It is about twice as long ago as you are looking for but Mark Twain's "The Innocents Abroad" is still worth reading: both to see what has changed and what has not.
posted by rongorongo at 12:52 AM on May 14, 2010 [5 favorites]


Kevin McLoud from 'Grand Designs' did a 4-part series last year called the 'Grand Tour', where he recreated the traditional travels of upper-class young men through Europe from the 1600's to the 1800's. While the original grand tours (and Kevin's series) focus mainly on the search for the cultural legacy of classical and renaissance times - architecture, art, music etc, the series does cover some of what you are after. And who can resist Kevin's charms?? (ok, maybe you can, but I sure can't!) Enjoy.
posted by Pippi Longstocking at 1:07 AM on May 14, 2010 [2 favorites]


Is Around The World in 80 Days (1872) too early for you?

(Keep in mind that not a lot of people traveled for business or had vacations 75 years ago. You were either desperate or rich if you traveled.)
posted by Ookseer at 1:09 AM on May 14, 2010


"So you're going to fly" - a 1939 Popular Mechanics article for people who have never been on a commercial airliner.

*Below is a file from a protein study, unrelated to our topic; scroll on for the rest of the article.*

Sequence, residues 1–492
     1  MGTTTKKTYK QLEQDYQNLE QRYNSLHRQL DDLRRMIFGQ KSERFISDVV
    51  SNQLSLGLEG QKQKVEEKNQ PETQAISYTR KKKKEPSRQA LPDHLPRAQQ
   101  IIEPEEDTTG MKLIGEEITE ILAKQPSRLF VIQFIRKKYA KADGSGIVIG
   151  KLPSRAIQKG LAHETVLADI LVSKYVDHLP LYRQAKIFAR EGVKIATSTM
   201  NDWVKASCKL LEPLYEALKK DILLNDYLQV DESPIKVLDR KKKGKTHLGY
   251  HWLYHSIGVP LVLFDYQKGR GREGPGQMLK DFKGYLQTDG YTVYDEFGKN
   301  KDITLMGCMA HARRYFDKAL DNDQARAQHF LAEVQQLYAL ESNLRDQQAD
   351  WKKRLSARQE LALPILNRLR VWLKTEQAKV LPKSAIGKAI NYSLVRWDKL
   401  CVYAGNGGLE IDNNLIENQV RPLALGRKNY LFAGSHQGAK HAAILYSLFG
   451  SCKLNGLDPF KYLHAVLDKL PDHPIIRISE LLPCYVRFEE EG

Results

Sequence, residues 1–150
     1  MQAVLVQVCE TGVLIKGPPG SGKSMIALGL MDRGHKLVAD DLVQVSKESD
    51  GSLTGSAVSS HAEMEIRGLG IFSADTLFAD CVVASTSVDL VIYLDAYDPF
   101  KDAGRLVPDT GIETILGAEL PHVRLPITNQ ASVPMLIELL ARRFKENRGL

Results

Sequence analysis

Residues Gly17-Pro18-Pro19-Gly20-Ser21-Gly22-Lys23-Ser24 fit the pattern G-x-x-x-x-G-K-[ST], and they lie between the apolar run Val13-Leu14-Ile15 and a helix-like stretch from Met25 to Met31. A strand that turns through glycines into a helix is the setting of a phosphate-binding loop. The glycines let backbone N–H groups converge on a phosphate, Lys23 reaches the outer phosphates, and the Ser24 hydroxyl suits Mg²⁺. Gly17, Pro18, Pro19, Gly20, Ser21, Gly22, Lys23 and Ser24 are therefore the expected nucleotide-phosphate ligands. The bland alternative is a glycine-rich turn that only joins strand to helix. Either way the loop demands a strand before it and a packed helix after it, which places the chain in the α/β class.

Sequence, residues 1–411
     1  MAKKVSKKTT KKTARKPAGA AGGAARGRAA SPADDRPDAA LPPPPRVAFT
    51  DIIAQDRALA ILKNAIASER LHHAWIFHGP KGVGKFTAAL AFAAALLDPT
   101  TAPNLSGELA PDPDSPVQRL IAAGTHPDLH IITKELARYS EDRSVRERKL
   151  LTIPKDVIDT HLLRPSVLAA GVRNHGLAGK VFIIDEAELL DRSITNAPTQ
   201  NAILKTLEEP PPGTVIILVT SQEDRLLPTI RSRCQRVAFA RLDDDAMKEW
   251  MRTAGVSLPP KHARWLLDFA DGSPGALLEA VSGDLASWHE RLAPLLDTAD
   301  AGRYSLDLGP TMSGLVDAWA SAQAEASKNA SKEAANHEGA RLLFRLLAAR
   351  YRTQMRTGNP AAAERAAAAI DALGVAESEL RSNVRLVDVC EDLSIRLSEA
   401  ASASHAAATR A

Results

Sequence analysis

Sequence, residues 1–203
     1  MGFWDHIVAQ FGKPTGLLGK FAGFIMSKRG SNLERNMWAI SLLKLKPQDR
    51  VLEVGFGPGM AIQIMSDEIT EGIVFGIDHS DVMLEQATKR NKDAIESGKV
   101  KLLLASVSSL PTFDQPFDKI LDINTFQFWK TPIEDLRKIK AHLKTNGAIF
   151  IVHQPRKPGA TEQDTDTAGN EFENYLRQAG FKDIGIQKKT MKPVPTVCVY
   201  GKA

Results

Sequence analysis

It is fascinating throughout:
A three-minute phone call saves a seat in your name. The air line limousine will pick you up Friday, an hour or so before departure time... You're allowed forty pounds luggage... You peel off $157.95 for the sleeper trip.
posted by milkrate at 2:35 AM on May 14, 2010 [19 favorites]


Robert Louis Stevenson is great for funny, detail-rich travel stories from the late 19th century-- picture him kind of like Michael Palin with a droopy mustache. The Amateur Emigrant goes from Scotland to New York by steamer; Across the Plains from New York to California by rail; and he wrote a whole book about wandering around the South Sea islands.